Malcolm X role no radical departure for Denzel Washington

November 18, 1992|By Stephen Hunter | Stephen Hunter,Film Critic

He's a hunka hunka burning charm, is Denzel Washington, blowing that old-fashioned movie star charisma out full bore, such intensity you think he's maybe going to melt the windows.

Washington, in black Levis, a black turtleneck and white Reeboks, thunders into a hotel room and throws himself down to beat the press. And beat us he does. All that energy translates instantaneously into admiration. Where interviews with Spike Lee have a tendency to break up into testy staring matches, Denzel Washington's turn into religious ceremonies: Oh, come let us adore him.

Sporting a mustache for his current role in a Jonathan Demme film being shot in Philadelphia, Washington, even late in a day full of interviews, still beams with energy and positive good feelings. Was he at all frightened when he got the role of a lifetime, the role certainly of the year, as the title figure in "Malcolm X"? Not at all, thank you.

"I was eager," he says with a smile. "I had played him before on stage, and so I had good feelings that came from doing a part that went over well. Lots of people who knew him had given me positive feedback. So I knew I could do it."

Washington studied the extant footage of Malcolm X, but did not want to rely upon it too heavily because he didn't want to do a parody or an impersonation.

But he admits that when he first got the part on stage 10 years ago, "I didn't know who he was. I picked up the autobiography and I was off to the races."

As the son of a Pentecostal minister, he said he was unfazed by Malcolm X's ardent Islamic faith.

"I believe there's only one God, Christian or Islamic. We're all going in the same direction, but some of us come from the east and some of us are coming from the south. In fact, in many ways, I used my own father as my model for Malcolm."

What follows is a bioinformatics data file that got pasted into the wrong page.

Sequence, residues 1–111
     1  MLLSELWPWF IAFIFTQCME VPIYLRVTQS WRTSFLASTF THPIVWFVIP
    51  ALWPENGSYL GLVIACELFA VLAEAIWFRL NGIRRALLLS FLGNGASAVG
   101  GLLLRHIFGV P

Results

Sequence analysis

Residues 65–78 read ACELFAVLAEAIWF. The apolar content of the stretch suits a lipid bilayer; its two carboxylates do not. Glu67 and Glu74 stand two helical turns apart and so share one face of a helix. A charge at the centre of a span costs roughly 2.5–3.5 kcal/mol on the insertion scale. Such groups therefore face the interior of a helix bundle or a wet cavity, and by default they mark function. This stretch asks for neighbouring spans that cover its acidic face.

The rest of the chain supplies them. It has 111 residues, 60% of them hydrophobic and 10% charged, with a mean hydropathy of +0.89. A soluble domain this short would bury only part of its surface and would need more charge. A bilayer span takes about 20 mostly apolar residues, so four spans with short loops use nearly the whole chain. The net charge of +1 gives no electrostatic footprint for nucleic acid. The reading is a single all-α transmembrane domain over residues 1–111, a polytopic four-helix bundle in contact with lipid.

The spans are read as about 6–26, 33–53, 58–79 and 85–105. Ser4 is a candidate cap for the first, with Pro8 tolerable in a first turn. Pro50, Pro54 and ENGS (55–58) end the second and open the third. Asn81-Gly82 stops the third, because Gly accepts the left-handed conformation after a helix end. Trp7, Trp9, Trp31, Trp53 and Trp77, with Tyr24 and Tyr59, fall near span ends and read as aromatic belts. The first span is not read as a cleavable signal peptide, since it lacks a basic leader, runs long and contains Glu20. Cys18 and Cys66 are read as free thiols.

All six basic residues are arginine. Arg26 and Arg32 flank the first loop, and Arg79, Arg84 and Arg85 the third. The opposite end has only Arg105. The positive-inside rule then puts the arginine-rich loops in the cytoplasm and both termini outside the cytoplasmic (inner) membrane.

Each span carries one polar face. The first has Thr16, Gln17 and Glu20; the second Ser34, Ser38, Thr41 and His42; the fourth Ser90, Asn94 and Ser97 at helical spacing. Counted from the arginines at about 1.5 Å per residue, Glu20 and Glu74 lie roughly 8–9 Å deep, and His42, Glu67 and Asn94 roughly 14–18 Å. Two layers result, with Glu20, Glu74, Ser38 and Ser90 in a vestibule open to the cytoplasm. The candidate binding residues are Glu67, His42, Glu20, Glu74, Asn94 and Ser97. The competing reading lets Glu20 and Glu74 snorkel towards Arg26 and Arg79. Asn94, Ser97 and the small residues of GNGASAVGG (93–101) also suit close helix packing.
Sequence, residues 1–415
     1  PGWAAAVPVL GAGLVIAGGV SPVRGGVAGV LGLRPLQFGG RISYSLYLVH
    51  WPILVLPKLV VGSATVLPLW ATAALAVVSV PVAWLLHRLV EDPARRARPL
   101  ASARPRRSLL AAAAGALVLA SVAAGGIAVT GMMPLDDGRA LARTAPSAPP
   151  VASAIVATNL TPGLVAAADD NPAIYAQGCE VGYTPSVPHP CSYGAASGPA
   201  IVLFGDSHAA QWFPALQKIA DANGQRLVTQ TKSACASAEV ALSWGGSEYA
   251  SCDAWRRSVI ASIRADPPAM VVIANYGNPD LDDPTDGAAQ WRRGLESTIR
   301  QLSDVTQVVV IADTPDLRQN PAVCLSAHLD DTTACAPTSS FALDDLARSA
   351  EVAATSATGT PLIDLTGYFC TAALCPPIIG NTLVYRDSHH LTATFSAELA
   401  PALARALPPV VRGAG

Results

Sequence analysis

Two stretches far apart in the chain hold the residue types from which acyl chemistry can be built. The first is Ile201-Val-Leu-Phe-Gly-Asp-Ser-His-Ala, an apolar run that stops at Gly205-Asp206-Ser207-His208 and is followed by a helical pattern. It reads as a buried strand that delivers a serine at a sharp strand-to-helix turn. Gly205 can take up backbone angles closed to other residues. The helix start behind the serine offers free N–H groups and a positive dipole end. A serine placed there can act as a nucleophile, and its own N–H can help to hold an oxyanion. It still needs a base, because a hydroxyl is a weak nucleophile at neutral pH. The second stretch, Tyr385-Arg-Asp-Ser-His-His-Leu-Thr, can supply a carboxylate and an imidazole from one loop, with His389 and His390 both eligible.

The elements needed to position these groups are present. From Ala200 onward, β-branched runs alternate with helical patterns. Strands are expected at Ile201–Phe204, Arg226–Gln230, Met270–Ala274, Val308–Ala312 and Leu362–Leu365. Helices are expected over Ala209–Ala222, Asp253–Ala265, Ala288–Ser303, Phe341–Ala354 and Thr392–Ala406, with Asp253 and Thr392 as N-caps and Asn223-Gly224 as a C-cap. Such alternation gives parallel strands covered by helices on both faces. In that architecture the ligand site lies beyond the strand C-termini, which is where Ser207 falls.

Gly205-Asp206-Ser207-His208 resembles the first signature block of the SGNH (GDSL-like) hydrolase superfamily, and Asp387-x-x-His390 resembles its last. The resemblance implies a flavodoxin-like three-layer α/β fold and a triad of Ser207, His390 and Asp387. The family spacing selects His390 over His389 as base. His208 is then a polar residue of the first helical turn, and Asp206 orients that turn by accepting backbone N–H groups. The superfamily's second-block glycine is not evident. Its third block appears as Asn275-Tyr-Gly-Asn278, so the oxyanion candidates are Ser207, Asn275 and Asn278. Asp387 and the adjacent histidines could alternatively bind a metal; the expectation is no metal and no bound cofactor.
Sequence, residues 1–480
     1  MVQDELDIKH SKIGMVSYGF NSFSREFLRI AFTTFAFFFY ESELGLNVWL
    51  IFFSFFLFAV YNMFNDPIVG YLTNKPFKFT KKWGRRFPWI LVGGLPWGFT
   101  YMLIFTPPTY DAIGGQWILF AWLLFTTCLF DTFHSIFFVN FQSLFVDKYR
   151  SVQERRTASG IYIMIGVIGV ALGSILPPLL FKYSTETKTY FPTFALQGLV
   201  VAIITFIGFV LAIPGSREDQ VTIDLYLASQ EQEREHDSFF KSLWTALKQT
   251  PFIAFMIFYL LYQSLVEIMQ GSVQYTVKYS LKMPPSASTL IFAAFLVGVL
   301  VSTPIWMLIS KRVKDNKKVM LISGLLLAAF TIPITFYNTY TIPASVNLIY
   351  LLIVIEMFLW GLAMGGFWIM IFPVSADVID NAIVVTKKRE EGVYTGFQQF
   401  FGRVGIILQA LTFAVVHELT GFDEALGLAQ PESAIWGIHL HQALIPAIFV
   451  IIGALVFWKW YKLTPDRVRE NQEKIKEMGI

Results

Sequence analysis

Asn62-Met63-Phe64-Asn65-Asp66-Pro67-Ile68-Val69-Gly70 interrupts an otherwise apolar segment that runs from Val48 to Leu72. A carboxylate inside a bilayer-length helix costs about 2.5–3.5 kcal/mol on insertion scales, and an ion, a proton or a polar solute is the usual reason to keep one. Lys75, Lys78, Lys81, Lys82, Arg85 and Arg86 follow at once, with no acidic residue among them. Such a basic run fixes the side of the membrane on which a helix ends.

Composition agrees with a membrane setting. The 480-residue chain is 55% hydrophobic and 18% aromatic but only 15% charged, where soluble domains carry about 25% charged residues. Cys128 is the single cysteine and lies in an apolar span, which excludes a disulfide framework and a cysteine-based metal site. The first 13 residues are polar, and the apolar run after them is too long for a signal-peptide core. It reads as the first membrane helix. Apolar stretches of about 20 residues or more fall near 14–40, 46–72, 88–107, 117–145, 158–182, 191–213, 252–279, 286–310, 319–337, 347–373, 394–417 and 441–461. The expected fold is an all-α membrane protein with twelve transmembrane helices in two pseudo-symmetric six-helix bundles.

What impressed him most about Malcolm was "discipline. Writing out the dictionary, word for word. Now that was discipline. He practiced what he preached, and you can say that about very few people."

In comparison, he says, "My life hasn't been as traumatic, but I hope I evolved into a better, wiser person as a result of the experience."

Translated into action, Washington says, "It probably gave me a greater sense of responsibility and the necessity of giving back. I used to not be comfortable at all about speaking out or becoming involved in causes and the like, but now I'm comfortable with it.

"For one thing, I've just agreed to become the national spokesman for the Boys' Clubs of America in an attempt to reach a lot of kids. Those to whom much is given must be sure to give much back."

Washington says he looks on the whole "Malcolm X" experience as a kind of national encounter group.

"I see this as therapy. We haven't really dealt with it. Black people and white people haven't dealt with what went on for 350 HTC years in this country. We've been miseducated. If you're taught you haven't done anything, you can't do anything.

"How come it wasn't in the history books that 180,000 African-Americans fought in the Civil War? How come nobody ever mentions that 100 million African-Americans died in the 350 years of slavery?"

"Now what we have to do is look it in the eye. We can't ignore it. I can't go around saying, 'It doesn't affect me.'

"It does, every single day."

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